times, but was highest when the bees were excited. In a The staie and comfort of her neighbours,

third nest, which was caged like the second, the bees were The love and glory of a well ordered family,

at first greatly affected and agitated by the slightest noise, The delight and happiness of tender parents,

such as the removal of a chair, or a footstep in the But a crowne of blessing to a husband

room, or the passing of a carriage along the road, thirty In a wife: to all an eternall patterne of

feet distant; but they were not in the slightest degree Goodness and cause of Joy; whilst shee was

affected by persons talking loudly in the room, whilst In her dissolution a loss unvaluable to each, yet herself blest, and they fully a tap with the finger on the table put them immediately recompensed, in her translation from a tabernacle of clave and into a state of the greatest agitation. In two or three fellowship with Mortalls to a Celestial Mansion and Communion days they became accustomed to their situation, and with a Deity, the 20th day of August, 1631.

were not disturbed by slight noises. When the tem" John Hampden, her sorrowful husband, in perpetnall testi- perature of the air was seventy and a half degrees, that mony of his conjugall love, liath erected this Monument." of the box and nest was seventy-three degrees; but

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when they were excited it rose to seventy-seven, but that of the air, but the insect was much excited by being gradually subsided to seventy-three degrees as the bees disturbed ; its general temperature when feeding is not became quiet. On another occasion, when greatly more than three degrees above the air, and, when perexcited, a temperature of nearly twelve degrees above fectly quiet and apparently asleep, the temperature is that of the air was observed.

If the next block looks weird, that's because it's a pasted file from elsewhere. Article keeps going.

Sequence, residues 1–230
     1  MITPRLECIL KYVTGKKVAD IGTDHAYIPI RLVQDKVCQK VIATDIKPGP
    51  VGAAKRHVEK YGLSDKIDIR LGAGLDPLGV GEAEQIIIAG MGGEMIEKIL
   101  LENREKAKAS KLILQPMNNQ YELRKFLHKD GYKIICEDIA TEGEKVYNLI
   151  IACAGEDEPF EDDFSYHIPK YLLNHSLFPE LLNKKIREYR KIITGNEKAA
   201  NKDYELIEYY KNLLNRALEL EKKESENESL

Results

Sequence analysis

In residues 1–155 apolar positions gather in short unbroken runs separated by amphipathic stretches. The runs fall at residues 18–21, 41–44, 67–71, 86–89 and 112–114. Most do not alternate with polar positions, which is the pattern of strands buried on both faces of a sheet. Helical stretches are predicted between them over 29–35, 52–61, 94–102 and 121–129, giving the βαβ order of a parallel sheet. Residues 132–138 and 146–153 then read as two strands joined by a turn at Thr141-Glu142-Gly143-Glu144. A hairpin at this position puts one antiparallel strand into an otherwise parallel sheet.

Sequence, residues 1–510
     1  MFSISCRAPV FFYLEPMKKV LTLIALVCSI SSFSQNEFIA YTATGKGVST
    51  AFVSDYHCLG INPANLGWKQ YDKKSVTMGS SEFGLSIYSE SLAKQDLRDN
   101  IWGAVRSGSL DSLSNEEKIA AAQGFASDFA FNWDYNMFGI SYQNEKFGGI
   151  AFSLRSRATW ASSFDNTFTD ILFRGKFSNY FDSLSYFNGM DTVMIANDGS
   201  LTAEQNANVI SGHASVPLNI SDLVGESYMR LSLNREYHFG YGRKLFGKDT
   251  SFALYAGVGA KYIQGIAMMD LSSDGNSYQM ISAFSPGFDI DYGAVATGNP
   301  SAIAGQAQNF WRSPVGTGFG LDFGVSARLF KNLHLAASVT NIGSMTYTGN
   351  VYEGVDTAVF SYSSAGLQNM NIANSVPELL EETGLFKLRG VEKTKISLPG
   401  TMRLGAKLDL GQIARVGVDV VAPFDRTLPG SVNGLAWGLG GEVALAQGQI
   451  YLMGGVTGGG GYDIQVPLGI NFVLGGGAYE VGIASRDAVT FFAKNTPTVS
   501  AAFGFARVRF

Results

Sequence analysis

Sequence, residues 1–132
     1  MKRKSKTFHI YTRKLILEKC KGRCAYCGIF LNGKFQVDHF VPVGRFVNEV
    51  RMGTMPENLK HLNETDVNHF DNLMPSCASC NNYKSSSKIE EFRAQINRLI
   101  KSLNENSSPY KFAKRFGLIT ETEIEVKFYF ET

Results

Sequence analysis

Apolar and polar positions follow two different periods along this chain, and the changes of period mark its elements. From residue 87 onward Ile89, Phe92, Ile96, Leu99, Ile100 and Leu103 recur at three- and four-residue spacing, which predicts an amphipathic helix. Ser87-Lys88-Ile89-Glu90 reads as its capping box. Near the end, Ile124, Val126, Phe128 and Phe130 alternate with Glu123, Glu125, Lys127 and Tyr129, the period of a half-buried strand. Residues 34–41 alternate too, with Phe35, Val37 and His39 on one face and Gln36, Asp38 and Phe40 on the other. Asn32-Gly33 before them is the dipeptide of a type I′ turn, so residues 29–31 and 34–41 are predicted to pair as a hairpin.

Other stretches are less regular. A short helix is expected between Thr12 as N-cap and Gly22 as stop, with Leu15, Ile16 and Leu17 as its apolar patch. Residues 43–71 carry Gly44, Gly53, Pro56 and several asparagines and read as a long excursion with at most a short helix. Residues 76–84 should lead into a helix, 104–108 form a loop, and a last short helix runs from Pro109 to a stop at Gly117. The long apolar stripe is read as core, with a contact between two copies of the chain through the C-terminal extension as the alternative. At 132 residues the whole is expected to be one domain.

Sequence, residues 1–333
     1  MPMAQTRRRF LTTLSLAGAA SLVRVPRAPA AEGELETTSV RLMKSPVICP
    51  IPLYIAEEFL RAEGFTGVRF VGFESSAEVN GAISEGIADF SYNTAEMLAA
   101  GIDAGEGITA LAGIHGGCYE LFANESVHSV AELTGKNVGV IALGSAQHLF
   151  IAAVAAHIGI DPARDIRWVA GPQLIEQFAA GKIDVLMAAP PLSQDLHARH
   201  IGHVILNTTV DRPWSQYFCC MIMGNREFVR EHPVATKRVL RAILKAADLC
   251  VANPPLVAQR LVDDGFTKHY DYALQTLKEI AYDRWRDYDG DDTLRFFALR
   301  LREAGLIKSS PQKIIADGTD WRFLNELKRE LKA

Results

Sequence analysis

exactly that of the air. From a variety of observations An ants' nest, examined in its natural haunts, it was evident that individual insects possess a temperafforded still more remarkable results. The tem- ature of body above that of the surrounding medium; perature of the air in the shade at eleven o'clock, A.M., that the amount of heat is not constant in the same was seventy-six degrees; when the thermometer was insect, but varies according to certain conditions, which passed into the nest to the depth of five inches, it rose will be noticed presently. to eighty-four degrees, and remained steadily at that In the nymph, or pupa state, the temperature of the point; but in about six or eight minutes, the insects insect is generally lower than at any other period of becoming excited, and running about in every direction its existence, and is only equal to, or but very little in a state of great agitation, the temperature of the nest above that of the surrounding medium; when disturbed rose to ninety-three degrees ; and soon after, when the their temperature rises somewhat above that of the air. insects were still more excited, to ninety-five and a half The pupa part with their natural heat with much degrees, and a little nearer the surface, where the com- greater rapidity than the larvæ, and this seems to be motion was greatest, to ninety-eight and a half degrees. the reason why most hymenopterous insects select for During these observations the ant-hill was carefully their young those situations which are found to be the shaded from the sun ; but when exposed to its influence, worst conductors of heat. This is why the mason-bee the thermometer rose to 108 degrees. This was a tem- encloses its larvæ in cells constructed in the vertical perature much too great for the insects to bear; they sections of banks of earth which are exposed to the all retired beneath the covering of the nest, and scarcely morning sun, and why hive and humble bees crowd over a single ant was to be seen. These observations, which those cells which are about to produce the perfect insect, were made on a fine day in July, were repeated on a when the enclosed nymphs are most in need of increased gloomy, wet day in September, when the temperature warmth to invigorate them for the change they are of the air at eleven o'clock, A.M., was only fifty-four about to undergo. degrees, that of the nest at the depth of one inch was In the imago, or perfect insect state, the insect has a sixty-five, at two inches, sixty-six degrees, below wbich higher temperature than at any other period of its life, it gradually diminished. In another nest, twice the and when in a state of activity is not so much influenced size of the first, observed at the same time, the ther- by sudden changes of atmospheric temperature as in the mometer stood twenty degrees above the temperature larva or pupa state. The imayo has also greater power of the air, when the insects were a little excited. of generating as well as of maintaining heat; but it is